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Photographer: Andrew Harrer/Bloomberg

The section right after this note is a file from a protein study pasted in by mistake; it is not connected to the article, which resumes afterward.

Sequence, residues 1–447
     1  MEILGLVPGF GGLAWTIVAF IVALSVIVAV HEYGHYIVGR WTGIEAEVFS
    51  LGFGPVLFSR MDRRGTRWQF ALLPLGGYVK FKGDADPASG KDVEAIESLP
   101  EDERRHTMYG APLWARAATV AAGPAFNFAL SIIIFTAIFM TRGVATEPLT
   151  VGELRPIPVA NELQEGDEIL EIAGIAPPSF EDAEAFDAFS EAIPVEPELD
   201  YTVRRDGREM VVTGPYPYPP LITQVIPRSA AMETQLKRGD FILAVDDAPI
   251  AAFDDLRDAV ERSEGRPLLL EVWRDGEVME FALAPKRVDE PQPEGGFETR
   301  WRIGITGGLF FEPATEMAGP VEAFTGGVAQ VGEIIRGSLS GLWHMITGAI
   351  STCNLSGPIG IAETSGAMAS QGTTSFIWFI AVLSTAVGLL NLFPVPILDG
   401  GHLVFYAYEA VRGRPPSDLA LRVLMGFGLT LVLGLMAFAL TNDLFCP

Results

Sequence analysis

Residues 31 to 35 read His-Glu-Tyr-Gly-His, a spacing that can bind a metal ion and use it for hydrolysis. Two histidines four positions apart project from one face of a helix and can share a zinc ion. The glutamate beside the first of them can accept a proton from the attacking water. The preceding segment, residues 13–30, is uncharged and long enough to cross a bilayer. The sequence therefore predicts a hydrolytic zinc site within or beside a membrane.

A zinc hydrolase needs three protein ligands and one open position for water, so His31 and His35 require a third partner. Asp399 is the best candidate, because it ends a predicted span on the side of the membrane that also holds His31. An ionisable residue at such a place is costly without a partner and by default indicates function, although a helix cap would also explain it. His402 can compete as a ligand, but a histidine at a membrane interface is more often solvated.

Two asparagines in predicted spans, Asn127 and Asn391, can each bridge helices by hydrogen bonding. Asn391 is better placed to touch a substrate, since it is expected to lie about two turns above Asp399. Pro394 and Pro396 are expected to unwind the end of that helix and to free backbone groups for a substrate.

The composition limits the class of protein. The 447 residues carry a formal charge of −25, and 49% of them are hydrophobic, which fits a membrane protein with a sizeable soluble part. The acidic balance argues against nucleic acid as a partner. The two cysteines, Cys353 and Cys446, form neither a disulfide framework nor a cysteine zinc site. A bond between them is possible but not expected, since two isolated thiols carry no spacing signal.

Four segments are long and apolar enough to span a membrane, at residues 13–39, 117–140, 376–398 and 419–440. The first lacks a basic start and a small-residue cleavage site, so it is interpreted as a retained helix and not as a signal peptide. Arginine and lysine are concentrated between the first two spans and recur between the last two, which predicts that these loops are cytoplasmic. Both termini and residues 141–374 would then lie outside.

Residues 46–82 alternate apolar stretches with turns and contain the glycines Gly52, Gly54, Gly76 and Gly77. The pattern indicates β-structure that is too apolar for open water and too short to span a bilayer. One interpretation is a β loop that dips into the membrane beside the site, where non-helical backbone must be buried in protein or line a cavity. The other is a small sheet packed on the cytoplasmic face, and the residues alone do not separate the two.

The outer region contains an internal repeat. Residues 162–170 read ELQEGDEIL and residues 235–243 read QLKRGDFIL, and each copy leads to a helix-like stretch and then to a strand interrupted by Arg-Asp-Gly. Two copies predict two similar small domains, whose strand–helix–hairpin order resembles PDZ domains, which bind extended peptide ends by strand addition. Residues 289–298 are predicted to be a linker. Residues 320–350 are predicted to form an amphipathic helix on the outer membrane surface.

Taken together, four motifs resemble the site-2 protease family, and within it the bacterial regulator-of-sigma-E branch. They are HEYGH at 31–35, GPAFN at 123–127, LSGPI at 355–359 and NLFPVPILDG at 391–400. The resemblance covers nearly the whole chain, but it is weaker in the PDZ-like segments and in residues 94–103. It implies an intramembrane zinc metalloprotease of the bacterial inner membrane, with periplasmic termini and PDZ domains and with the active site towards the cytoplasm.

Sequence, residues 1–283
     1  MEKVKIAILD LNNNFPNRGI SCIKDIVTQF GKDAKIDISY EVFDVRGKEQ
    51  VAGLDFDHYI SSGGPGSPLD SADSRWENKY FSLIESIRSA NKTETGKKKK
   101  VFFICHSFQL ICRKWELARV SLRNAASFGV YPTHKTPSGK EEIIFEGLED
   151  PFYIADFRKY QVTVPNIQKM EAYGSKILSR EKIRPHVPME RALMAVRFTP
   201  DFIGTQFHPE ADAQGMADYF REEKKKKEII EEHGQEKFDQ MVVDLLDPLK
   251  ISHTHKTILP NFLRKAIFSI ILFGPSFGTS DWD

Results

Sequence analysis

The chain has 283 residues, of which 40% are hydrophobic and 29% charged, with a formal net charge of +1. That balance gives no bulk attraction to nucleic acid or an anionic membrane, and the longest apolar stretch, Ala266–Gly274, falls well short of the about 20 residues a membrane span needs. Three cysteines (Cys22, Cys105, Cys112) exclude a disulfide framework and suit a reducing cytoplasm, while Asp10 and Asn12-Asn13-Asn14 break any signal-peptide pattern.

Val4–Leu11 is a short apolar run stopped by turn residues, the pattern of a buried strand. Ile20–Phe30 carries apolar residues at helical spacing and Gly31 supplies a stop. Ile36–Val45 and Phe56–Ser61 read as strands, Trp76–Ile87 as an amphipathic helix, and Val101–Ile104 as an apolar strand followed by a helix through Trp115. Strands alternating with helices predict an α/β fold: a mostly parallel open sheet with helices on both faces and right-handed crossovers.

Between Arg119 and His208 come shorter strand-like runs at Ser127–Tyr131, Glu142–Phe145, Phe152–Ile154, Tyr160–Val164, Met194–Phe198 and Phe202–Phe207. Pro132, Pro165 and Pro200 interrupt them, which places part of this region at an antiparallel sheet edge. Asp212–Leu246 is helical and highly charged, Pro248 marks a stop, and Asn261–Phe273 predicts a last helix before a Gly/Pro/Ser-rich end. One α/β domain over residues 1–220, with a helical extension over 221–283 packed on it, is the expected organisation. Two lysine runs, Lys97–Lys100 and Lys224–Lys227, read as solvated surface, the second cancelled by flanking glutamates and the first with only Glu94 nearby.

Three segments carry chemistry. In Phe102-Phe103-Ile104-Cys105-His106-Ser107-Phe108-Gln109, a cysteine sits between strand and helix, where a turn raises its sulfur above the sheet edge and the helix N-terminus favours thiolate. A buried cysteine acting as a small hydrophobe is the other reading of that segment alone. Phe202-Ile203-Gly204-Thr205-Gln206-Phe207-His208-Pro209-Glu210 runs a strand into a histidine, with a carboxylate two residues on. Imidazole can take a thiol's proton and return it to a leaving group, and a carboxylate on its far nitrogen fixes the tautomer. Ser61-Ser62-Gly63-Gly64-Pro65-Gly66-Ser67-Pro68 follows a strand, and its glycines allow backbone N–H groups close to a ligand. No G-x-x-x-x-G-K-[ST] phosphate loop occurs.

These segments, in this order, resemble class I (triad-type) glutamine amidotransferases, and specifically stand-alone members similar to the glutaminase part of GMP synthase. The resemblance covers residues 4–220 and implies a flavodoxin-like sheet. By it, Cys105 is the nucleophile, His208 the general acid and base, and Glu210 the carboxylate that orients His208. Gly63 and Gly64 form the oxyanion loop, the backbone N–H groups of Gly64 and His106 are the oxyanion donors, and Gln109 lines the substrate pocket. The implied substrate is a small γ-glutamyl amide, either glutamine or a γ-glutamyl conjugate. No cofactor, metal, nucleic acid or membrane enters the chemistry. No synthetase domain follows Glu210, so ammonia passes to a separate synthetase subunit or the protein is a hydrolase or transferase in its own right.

The federal Alien Tort Statute (ATS) originally was drafted to provide a forum for resolution of torts that violated the “law of nations,” as a safeguard against foreign nations holding the United States liable for harm to foreign citizens. Following the Nuremberg trials, the statute took on a second life beyond its original purpose, and in 2004, in Sosa v. Alvarez-Machain, 542 US 692 (2004), the Supreme Court recognized, in limited circumstances, common law claims for violations of the current law of nations. Now the Supreme Court, in Jesner v. Arab Bank, PLC, held on April 24 that the Alien Tort Statute, 28 U.S.C. 1350, does not apply to foreign corporations. In so doing, it resolved the open question in Kiobel v. Royal Dutch Petroleum, 569 U.S. 108 (2013), which was decided on the ground that all the acts complained of occurred outside the United States. A split in the circuits developed over whether the ATS applied to foreign corporations, and Jesner has now resolved that by affirming the Second Circuit’s view that it does not. Justice Kennedy wrote for the majority, though there was not unanimity of all portions of his opinion.

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